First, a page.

Thursday, April 23, 2009


Venus, the Bringer of Peace

Yesterday on the radio I heard Gustav Holst's "Venus, the Bringer of Peace," one of the movements from The Planets, and I wondered about the source of the epithet. The Wikipedia article on The Planets asserts (footnote omitted):
Holst also used Alan Leo's book What is a Horoscope? as a springboard for his own ideas, as well as for the subtitles (i.e., "The Bringer of...") for the movements.
But when I look in Alan Leo's What is a Horoscope and How is it Cast? on Google Book Search, and when I use the "Search Inside This Book" feature at, I don't find the word "bringer" anywhere. Neither does the word "peace" appear in the book.

Alan Leo, by the way, is an apt name for an astrologer, as Leo is one of signs of the Zodiac.

I don't see εἰρηνηφόρος in Liddell-Scott-Jones. In Latin, according to Lewis and Short, pacifer is "a frequent epithet of the gods," but Venus doesn't appear among the gods listed.

As goddess of love, Venus probably brings strife as often as she brings peace. One way she does bring peace, however, is to keep Mars, the Bringer of War, distracted. See, for example, the prayer to Venus at Lucretius 1.29-40 (tr. C.H. Sisson):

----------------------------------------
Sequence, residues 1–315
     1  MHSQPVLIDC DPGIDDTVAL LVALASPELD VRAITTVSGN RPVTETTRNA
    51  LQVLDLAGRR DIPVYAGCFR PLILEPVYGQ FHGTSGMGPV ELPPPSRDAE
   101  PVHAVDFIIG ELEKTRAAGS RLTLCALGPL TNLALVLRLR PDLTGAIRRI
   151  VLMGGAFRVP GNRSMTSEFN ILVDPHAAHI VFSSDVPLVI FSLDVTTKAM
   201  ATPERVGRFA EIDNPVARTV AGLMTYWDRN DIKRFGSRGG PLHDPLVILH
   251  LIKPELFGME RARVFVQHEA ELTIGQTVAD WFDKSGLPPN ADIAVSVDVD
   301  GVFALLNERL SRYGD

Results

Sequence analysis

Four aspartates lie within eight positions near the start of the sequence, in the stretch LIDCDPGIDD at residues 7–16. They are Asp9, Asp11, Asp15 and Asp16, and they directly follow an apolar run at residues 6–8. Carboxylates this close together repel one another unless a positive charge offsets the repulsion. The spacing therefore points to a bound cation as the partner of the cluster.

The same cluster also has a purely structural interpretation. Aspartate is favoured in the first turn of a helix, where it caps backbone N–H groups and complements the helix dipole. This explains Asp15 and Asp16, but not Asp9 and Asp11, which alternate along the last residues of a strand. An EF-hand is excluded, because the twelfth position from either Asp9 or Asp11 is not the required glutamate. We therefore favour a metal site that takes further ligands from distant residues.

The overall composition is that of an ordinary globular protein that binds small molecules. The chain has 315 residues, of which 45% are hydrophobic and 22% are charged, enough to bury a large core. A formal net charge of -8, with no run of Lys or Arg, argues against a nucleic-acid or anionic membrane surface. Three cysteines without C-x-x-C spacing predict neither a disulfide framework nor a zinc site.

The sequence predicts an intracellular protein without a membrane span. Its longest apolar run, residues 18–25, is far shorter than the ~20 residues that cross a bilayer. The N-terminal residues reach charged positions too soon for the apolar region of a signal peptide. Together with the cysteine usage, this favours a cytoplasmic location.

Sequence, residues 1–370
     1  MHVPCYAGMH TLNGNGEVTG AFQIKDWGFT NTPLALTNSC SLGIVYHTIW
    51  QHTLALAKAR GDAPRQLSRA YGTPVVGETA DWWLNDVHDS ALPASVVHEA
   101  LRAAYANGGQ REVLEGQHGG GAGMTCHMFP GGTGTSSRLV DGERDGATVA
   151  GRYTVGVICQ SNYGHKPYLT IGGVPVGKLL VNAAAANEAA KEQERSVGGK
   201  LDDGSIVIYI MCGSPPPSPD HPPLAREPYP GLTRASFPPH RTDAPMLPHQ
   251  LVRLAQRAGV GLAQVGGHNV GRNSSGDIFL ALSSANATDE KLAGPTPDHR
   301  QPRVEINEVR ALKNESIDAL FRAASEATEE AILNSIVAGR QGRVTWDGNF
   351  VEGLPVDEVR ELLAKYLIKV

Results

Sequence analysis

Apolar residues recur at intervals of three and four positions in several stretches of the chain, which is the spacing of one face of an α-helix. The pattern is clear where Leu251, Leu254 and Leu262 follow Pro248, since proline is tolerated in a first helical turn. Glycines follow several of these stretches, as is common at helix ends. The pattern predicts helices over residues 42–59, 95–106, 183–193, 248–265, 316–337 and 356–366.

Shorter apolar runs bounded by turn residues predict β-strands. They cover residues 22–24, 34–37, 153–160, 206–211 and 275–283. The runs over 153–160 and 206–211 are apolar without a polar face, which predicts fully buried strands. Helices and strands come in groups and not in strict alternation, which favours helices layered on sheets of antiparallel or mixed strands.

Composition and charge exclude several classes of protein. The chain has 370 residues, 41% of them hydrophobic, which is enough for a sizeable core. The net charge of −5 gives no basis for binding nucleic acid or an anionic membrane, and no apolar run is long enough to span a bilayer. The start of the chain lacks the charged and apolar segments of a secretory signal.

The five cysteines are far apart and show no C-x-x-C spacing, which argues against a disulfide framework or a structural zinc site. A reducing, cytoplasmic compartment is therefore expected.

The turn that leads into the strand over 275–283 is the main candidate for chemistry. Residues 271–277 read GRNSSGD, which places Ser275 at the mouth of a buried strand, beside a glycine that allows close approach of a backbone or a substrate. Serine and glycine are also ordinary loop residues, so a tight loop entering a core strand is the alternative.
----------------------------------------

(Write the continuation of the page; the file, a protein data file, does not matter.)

Bring it about meanwhile that military ferocity
On land and sea everywhere falls fast asleep.
It is only you can bring men peace and quiet
For Mars is the one who manages these affairs
And often he throws himself on your belly,
Conquered in turn because desire has wounded him.
He lies there with his handsome neck thrown back,
Gaping at you and feeding on your looks,
His breath hangs on your lips as he falls back.
As he lies there on top of your holy body
Allow your lips to speak gently to him, Goddess.
Ask him, lady, to give the Romans peace.

effice ut interea fera moenera militiai
per maria ac terras omnis sopita quiescant;
nam tu sola potes tranquilla pace iuvare
mortalis, quoniam belli fera moenera Mavors
armipotens regit, in gremium qui saepe tuum se
reiicit aeterno devictus vulnere amoris,
atque ita suspiciens tereti cervice reposta
pascit amore avidos inhians in te, dea, visus
eque tuo pendet resupini spiritus ore.
hunc tu, diva, tuo recubantem corpore sancto
circum fusa super, suavis ex ore loquellas
funde petens placidam Romanis, incluta, pacem.
Botticelli, Venus and Mars

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